CPD Picks of The Week

Reading time: 3

Holly Gardner

Holly Gardner is TT Editor, as well as a Freelance Publisher. She has been working with @TeacherToolkit for over 6 years - since she published his first book in her role as Senior Commissioning Editor at Bloomsbury Publishing. Since then, she left her day job,...
Read more about Holly Gardner

Do you believe your child’s teacher has lots of free time on their hands?

Our top blog of the week has really got our readers clicking to find out what the marking workload really adds up to when the calculations are done and we include our recommended reading for the year so far.

Top 5 blogs

  1. Dear Parents – Do you believe your child’s teacher has lots of free time on their hands?
  2. Is The Fear Narrative Out of Proportion? – The inspection ‘fear narrative’ out of proportion claims OfSTED’s chief, Amanda Spielman
  3. Lesson Planning For Trainee Teachers – How do you plan lessons?
  4. #1minCPD: Giving Instructions – What is an explanation station?
  5. Giving Constructive Lesson Feedback – Are you a critically reflective teacher?

Resource of the week

This week, we recommend some of our favourite books that have been published in 2018 so far.

  1. Daniel Sobel’s Narrowing the Achievement Gap is designed to support school leaders in understanding and reducing the attainment gap in the context of their setting.
  2. In How To Survive In Teaching author Emma Kell examines workplace stress and anxiety, conflict and ‘toxic politics’, and the other factors which lead teachers to ultimately decide to walk away.
  3. Education Forward is a collection of essays that presents a call to action, a positive way forward, and a programme of change for education in the UK.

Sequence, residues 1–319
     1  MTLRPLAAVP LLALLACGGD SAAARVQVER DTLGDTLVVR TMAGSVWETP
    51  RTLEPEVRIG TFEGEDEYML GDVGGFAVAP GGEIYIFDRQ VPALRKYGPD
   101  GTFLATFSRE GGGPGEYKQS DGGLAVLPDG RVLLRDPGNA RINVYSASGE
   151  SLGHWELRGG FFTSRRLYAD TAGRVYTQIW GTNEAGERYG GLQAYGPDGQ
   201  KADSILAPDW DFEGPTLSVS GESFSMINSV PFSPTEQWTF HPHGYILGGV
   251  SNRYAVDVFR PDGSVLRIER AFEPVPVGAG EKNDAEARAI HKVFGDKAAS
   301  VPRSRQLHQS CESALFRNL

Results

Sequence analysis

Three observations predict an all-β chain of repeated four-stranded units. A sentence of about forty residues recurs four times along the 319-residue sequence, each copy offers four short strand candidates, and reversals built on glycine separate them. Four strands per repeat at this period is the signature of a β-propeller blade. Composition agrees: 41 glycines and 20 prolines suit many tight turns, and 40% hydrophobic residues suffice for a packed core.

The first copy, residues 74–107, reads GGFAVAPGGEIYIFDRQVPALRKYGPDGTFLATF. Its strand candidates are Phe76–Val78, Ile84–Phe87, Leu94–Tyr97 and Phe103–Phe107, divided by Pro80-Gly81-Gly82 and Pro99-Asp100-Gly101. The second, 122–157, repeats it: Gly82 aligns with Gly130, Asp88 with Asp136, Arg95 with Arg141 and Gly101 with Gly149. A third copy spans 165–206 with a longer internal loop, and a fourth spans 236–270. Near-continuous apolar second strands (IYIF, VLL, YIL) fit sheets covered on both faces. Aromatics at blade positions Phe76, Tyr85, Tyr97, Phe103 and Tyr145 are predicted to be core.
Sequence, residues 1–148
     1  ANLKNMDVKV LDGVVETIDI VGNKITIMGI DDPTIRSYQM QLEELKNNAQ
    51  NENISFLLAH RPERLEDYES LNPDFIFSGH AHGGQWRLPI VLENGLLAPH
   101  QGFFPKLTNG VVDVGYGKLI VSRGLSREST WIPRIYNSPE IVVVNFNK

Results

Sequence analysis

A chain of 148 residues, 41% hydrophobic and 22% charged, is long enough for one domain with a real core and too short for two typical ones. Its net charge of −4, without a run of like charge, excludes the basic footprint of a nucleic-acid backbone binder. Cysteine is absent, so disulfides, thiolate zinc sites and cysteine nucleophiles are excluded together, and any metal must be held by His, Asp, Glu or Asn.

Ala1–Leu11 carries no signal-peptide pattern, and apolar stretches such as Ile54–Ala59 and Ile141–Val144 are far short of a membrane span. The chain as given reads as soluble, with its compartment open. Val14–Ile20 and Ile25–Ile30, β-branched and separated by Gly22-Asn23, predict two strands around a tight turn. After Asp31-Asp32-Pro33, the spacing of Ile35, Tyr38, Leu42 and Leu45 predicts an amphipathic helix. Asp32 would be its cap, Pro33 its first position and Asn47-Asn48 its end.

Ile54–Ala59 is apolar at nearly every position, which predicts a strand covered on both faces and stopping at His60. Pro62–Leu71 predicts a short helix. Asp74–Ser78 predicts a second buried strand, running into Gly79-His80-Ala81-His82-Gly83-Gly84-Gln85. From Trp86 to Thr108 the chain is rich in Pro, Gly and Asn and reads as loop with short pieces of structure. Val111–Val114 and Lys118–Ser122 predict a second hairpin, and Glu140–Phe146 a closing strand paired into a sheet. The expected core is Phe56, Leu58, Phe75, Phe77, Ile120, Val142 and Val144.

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CPD Spotlight of the Week: Marking

To help you manage the marking workload when you get back into the school term, here are our most popular marking blogposts.

  1. Live Marking
  2. 5 Tips To Eradicate Marking Misery 
  3. #1MinCPD: Marking
  4. 5 Marking Tips for Teachers
  5. Meaningful, Manageable, Motivating Marking

From elsewhere

  • Confused by ‘British values’? Don’t worry, every teacher is but without any real direction is t any wonder? British values can mean wildly different things and children may be growing up with damaging stereotypes and confusing ideas about what ‘being British’ is. Carol Vincent and Myriam Hunter-Henin at the UCL say, “Given the brevity of the current policy guidelines, teachers have considerable freedom as to how to promote these values, “translating” national policy to fit their own setting.”
  • A survey by children’s mental health charity Place2Be reveals that 45% of school leaders (of 655 quizzed) said they struggle to get mental health help. Read the full report here. Catherine Roche, Chief Executive of Place2Be said: “School leaders are already under immense pressure to deliver academic progress – and we shouldn’t expect them to become mental health experts as well. Our evidence and experience shows that embedding skilled mental health professionals in schools, as part of a whole school approach, can have an enormously positive impact for pupils, families and staff.”
  • Councils have suggested that some schools are lying to parents of children with additional needs or EAL saying they are full when they are not amid concerns about league table performance. In her annual report on school admissions, the chief schools adjudicator, Shan Scott, said she was “concerned” that vulnerable children “spend more time out of school than they should”.
  • Charities and experts argue that children must have access to online sex education because they are too embarrassed to discuss relationships in the classroom. They have called for a “BBC Bitesize” style database to be created so that less confident students could access intimate and potentially embarrassing advice from the privacy of their homes. Download the Family Stability Network and Centre for Social Justice case for a more ambitious approach to Relationships and Sex Education.
  • According to a study in the British Medical Journal, school programmes encouraging children to take more exercise and eat healthily are unlikely to have any real effect on childhood obesity. The study found “Schools are unlikely to impact on the childhood obesity epidemic by incorporating such interventions without wider support across multiple sectors and environments.”

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